Home Mortgage Planning Can Save You Money- Part I

“Home Mortgage Planning Can Save You Money – Part I”



All financial matters have become more complex as the number of options available to consumers has been increasing steadily over the past few years.  You have more investment options; more credit card options; more insurance options; and many more home financing options.  For example, just 25 years ago, you had less than a dozen choices when you were financing a home. Today there are more than 200 alternatives. This creates a two-edge sword for consumers.  You have the ability to highly customize your financing to suit your specific needs but the sheer number of choices makes it difficult to make a decision. To zero in on your best choice, consider these three questions:


How long do you intend to own the property?  It often makes sense to align your NorthPoint Mortgage with the length of time you intend to stay in your home.  For example, if you’re buying a ‘starter’ home and you plan to buy a bigger home in three to five years, your best choice may be a 5-year Adjustable Rate Mortgage (ARM).  These mortgages provide a lower fixed interest rate for five years and then convert automatically to an adjustable rate that might be higher or lower depending on the level of interest rates at the end of the 5-year term.  If you plan to stay in your home ‘forever’, consider either a 15 or 30-year fixed mortgage.  The 30-year loan will have a slightly higher interest rate but lower payments.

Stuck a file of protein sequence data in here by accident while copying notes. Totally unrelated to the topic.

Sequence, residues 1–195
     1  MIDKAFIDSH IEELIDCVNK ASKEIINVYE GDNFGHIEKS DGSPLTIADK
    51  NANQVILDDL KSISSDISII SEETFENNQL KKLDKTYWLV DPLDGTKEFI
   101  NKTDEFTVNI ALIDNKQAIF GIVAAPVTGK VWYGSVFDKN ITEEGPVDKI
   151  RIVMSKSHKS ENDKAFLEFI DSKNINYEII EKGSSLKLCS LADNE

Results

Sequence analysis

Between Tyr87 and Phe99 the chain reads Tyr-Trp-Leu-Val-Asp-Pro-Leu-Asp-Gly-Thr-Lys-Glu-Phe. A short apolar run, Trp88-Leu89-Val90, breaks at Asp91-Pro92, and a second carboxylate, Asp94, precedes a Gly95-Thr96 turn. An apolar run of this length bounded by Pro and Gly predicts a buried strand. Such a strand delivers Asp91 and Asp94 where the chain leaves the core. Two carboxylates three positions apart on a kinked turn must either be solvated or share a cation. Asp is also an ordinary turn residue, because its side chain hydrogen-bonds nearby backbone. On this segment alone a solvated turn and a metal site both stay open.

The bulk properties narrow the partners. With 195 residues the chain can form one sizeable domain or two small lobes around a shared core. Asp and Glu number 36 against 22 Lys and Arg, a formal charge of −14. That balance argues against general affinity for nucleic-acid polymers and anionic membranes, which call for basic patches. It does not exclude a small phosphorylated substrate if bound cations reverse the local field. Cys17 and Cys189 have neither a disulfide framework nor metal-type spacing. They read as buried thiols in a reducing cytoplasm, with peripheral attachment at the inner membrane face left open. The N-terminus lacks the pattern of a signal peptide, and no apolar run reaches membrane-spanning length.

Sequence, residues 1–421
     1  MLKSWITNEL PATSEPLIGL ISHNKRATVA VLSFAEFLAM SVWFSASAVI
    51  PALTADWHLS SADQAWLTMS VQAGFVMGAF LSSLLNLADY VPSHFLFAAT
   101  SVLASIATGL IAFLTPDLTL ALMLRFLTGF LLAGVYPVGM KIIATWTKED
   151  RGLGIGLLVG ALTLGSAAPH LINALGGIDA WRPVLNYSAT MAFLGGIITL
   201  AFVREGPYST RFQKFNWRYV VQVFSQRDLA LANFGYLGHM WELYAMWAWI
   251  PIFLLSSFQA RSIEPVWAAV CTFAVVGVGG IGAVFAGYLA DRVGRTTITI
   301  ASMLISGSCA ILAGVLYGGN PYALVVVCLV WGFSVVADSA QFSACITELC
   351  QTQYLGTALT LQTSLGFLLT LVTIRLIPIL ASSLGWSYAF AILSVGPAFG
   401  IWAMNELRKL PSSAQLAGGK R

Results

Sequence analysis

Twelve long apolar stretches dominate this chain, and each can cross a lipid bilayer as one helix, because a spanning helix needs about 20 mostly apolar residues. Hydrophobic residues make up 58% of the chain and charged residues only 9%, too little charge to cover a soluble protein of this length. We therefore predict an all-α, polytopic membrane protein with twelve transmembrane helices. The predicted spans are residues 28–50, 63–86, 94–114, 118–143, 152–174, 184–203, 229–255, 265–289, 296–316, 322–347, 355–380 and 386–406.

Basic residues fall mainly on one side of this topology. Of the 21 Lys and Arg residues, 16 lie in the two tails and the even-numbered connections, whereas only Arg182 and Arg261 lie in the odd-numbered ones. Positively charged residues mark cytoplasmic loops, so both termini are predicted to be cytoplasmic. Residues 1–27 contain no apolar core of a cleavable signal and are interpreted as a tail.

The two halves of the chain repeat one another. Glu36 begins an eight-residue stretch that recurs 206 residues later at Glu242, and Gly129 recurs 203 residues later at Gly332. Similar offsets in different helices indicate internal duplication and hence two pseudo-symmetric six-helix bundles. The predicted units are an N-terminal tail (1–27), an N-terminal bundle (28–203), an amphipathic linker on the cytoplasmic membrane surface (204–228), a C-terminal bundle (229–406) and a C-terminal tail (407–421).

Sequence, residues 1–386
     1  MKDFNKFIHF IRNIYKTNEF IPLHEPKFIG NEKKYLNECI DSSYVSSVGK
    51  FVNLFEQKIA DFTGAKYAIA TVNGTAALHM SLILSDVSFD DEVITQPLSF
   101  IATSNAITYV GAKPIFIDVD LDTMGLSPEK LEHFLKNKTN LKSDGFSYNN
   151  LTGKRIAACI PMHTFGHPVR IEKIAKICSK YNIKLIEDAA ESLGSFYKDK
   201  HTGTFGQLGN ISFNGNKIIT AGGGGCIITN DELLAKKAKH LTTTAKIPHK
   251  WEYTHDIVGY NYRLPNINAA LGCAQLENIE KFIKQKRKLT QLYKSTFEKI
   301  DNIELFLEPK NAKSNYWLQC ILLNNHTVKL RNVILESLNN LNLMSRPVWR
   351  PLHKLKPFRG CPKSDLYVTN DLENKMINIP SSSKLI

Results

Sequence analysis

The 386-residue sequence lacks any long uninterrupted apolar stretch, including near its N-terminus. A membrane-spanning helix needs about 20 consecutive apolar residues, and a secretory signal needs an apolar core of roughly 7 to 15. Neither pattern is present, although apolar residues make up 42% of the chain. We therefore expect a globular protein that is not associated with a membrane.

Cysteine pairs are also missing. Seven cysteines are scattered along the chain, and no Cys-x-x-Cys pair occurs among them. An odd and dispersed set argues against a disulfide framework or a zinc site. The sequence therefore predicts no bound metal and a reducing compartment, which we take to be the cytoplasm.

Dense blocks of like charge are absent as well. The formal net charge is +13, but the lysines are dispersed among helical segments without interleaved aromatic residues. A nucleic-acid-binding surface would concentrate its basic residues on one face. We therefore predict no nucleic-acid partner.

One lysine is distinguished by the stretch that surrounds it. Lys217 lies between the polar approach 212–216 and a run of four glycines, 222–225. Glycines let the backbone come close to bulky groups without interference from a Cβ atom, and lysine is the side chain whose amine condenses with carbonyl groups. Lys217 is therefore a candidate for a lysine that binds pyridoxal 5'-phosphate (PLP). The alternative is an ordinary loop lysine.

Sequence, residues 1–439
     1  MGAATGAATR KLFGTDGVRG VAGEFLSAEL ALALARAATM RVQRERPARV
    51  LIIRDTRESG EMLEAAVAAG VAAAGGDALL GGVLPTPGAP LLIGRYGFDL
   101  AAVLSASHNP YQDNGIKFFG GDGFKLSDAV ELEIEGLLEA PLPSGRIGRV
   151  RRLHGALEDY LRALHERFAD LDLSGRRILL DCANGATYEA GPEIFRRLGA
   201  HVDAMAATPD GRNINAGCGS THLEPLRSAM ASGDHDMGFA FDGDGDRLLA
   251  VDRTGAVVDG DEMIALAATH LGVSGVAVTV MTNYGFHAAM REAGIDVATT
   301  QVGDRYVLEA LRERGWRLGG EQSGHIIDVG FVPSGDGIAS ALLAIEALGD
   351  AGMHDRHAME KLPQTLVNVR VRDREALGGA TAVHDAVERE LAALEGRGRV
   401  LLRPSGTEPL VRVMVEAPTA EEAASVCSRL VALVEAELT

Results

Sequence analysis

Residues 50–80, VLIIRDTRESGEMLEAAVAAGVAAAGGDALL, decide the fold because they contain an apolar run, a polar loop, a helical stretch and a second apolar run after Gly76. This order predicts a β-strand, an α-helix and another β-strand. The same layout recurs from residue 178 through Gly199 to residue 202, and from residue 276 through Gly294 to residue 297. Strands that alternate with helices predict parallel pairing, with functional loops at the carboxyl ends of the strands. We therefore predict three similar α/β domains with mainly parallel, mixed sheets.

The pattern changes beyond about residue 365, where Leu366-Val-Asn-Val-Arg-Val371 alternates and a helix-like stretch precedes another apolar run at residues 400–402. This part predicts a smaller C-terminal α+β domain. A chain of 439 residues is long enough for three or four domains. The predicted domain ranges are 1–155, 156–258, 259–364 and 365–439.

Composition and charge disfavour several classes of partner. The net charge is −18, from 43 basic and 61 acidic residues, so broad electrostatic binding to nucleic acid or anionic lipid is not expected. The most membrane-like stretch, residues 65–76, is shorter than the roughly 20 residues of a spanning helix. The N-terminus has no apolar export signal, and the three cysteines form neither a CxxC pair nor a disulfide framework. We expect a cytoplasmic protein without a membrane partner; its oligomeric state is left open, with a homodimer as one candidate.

Where do I think interest rates are headed?  Making the decision process more confusing is the current flux of interest rates.  Over the past two years the Federal Reserve has raised interest rates 17 times.  Only at the last meeting earlier this month did the Fed halt the steady increases.  Is this the end of rising rates?  Will rates move lower over the coming months or years?  Many people believe we are near the top of interest rates.  If you believe that interest rates will be lower in the future, you should consider a low closing cost, interest only or adjustable rate mortgage and plan to refinance once interest rates go back down.  If you believe that interest rates will move higher or stay the same, consider a fixed rate mortgage as discussed above.


What payments will my budget allow? Many people are attracted to the new interest-only mortgage loans because it will allow them to qualify to purchase a bigger home. However, this is usually not a sound choice unless you are certain that you will have a steadily rising income that will allow you to begin making principal payments in the near future.


Avoid Doing THIS!  One of the biggest mistakes I find people making today is using home mortgage financing to fund consumer purchases, such as a car, vacation or other personal expenses.  Home borrowing should be reserved for buying a residence or making home improvements.